A healthy heritage and responsible regeneration can make your culture trip to Hawai’i all the more magical…
By Doug Wallace
The sun and sand, the rainforest and rugged natural terrain – this truly is paradise. A visit to Hawai’i is a vacation like no other, a tropical island experience that lures 10.5 million visitors per year – and a safe and welcoming destination for members of the LGBTQ+ community.
Hawai’i is historically hospitable
People have been visiting and loving Hawai’i since the mid-1800s, originally arriving to see the Kīlauea volcano, an overwhelmingly beautiful – and still very active! – environment. But Hawai’i’s long history of LGBTQ+ identity and acceptance began in pre-colonial times, when the Mahe – or “in the middle” people – maintained respected social and spiritual positions within the community, often as healers. Fast-forwarding to today, you will easily recognize that all six of the major Hawaiian Islands to visit are diverse and inclusive, the 50th US state being an early adopter of same-sex marriage in 2013.
Anchor your trip to Pride
Honolulu Pride is Hawai’i’s biggest LGBTQ+ celebration, with the parade route along Kalākaua Avenue in Waikīkī drawing approximately 30,000 people each year. This fun-fest of diversity, creativity and solidarity radiates an overwhelming spirit of togetherness throughout Honolulu Pride Month in October, which coincides with LGBT History Month, National Coming Out Day and Spirit Day. The Festival at Diamond Head Greens is a family-friendly day of music and activities, and the Honolulu Rainbow Film Festival celebrates its 33rd year in 2022. E komo mai means “everyone is welcome.”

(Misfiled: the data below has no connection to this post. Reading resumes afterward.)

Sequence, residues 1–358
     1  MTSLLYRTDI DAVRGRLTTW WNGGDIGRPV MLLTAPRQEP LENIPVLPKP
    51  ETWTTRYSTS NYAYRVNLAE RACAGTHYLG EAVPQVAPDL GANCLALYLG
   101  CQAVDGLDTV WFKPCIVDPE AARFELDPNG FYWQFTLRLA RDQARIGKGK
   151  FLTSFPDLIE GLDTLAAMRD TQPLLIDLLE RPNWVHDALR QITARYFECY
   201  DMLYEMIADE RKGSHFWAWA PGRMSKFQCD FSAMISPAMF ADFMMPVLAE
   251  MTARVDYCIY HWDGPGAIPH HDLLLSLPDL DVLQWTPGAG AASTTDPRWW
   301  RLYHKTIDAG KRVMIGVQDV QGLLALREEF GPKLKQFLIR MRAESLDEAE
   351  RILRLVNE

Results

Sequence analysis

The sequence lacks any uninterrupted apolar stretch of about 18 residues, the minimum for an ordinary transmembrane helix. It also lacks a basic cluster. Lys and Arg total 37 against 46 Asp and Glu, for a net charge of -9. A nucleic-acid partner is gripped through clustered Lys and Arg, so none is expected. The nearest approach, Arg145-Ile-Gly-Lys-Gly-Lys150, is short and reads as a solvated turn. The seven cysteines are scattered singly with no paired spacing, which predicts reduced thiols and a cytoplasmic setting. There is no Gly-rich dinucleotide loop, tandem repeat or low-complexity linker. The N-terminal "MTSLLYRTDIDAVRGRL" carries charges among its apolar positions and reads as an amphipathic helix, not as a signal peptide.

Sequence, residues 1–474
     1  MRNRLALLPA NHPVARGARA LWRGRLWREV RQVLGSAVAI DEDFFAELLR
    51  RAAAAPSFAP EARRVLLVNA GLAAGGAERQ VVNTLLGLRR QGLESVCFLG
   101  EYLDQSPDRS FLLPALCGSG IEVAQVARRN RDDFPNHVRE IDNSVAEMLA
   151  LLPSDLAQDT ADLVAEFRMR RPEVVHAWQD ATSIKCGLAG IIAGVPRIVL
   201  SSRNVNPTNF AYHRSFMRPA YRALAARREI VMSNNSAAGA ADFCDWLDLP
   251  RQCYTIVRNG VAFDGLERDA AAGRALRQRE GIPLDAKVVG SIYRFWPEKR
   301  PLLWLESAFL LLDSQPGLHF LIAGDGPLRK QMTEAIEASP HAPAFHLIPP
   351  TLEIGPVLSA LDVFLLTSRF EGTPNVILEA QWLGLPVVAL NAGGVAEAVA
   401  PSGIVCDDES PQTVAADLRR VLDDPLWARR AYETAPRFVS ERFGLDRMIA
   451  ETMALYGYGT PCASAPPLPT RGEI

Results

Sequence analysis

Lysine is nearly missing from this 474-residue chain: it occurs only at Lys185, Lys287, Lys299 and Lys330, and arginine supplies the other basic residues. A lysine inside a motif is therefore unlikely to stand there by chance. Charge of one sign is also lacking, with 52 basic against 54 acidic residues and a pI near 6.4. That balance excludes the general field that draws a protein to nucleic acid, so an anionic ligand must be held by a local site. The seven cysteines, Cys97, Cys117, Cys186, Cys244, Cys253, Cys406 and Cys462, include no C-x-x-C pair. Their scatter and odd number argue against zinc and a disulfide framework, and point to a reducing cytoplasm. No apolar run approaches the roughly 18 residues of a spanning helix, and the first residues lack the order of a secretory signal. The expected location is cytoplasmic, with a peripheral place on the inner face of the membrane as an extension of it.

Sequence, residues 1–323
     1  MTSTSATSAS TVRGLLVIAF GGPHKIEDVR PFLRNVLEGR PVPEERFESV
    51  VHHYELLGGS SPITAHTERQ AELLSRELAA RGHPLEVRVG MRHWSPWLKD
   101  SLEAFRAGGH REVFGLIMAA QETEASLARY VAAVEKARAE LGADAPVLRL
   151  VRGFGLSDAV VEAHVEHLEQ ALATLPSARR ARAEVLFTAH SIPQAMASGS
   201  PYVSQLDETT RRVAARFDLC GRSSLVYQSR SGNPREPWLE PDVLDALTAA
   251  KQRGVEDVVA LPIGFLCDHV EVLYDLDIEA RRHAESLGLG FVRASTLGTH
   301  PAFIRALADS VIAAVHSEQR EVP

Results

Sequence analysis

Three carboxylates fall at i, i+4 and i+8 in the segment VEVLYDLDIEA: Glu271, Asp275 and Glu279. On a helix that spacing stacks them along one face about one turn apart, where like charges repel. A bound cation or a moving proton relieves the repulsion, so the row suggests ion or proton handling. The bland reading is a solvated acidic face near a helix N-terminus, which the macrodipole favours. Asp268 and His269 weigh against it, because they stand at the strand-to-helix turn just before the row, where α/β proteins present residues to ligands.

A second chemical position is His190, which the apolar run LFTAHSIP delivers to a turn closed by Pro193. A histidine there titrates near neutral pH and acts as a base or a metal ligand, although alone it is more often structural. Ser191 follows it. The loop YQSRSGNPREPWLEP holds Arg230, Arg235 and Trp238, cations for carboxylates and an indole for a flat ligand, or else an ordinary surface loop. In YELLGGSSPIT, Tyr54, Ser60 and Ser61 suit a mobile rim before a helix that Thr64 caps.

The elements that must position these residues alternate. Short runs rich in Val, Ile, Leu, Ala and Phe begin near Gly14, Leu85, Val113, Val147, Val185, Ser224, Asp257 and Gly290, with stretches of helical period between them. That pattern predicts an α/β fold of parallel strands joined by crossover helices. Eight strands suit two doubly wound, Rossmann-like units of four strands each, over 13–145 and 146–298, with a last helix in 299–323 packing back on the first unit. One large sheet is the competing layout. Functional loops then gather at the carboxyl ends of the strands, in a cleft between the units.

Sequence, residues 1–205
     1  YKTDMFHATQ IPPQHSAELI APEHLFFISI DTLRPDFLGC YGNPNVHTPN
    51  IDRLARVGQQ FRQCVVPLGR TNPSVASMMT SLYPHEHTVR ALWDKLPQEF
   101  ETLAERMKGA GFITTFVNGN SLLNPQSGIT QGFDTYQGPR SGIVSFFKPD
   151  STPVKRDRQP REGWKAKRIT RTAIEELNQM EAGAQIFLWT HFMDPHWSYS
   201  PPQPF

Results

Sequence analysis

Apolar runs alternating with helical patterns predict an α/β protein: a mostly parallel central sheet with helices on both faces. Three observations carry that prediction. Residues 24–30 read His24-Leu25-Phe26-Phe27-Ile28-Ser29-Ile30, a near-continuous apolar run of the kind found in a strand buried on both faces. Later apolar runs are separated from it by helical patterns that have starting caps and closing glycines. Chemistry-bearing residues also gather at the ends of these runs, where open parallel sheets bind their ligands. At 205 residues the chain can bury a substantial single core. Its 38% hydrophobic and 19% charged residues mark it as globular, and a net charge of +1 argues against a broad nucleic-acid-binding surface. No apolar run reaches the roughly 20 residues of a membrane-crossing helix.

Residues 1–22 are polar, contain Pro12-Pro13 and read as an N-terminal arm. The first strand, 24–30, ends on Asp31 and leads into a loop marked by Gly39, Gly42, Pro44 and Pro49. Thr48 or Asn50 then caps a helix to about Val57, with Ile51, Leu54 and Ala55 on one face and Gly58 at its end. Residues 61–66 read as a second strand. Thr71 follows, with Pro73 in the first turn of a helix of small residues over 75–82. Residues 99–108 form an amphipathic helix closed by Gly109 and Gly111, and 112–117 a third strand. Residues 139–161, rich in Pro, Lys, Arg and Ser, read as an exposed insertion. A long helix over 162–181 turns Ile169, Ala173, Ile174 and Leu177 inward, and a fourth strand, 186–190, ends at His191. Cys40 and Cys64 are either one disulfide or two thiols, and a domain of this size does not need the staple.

Take only pictures, leave only footprints
It’s easy to breeze through an island vacation without a care in the world. But with tourism making a comeback, a renewed interest in kuleana, or “responsibility,” is taking shape in Hawai’i. Visitors are encouraged to mālama ka’aina– take care of the land – in the spirit of giving back to the land, the seas, the wildlife, the forest – really the whole community. When you travel responsibly, you are part of the continuous circle of island life, keeping it going through regenerative tourism. Pay-it-forward initiatives promote cleaning up the coastline, beaches, hiking trails and parks, as well as tree-planting and fish-pond rejuvenation. Tourists can also connect with the land in other ways, exploring the world of sustainable farming and making a positive impact through environmental stewardship.
Help preserve the Hawaiian culture
A warm welcome is the hallmark of Hawaiian hospitality. But more than just a simple greeting, “Aloha” is a concept. It expresses a sense of being in the presence of and sharing the essence of life, which in turn promotes peace, kindness and compassion, and champions a responsibility to the future of the land and of the people. This construct is expressed through heritage arts, including music, the hula and traditional chants. These chants describe the islands, the spirits that surround them, the forces of nature that shaped them and the things that live on them – further fostering the theory that everything truly is related. This connection is the very root of Hawaiian culture.
When you visit Hawai’i, you can help champion this need to care for the environment and each other, support local festivals and events, buy from local vendors, and preserve Hawaiian heritage and cultural practices.
Start packing your bags!
The GoHawaii website is an excellent reference for great ideas, travel tips and insight into the Hawaiian Islands. Canadians planning a winter escape or a destination wedding can find more information at gohawaii.com/ca. For details on how to experience a rewarding trip to Hawai’i that gives back, visit gohawaii.com/malama. And for information on the Hawaii LGBT Legacy Foundation, head to hawaiilgbtlegacyfoundation.com.
DOUG WALLACE is an international travel and lifestyle writer, photographer and custom-content authority, principal of Wallace Media and editor-publisher of TravelRight.Today. He can be found beside buffet tables, on massage tables and table-hopping around the world.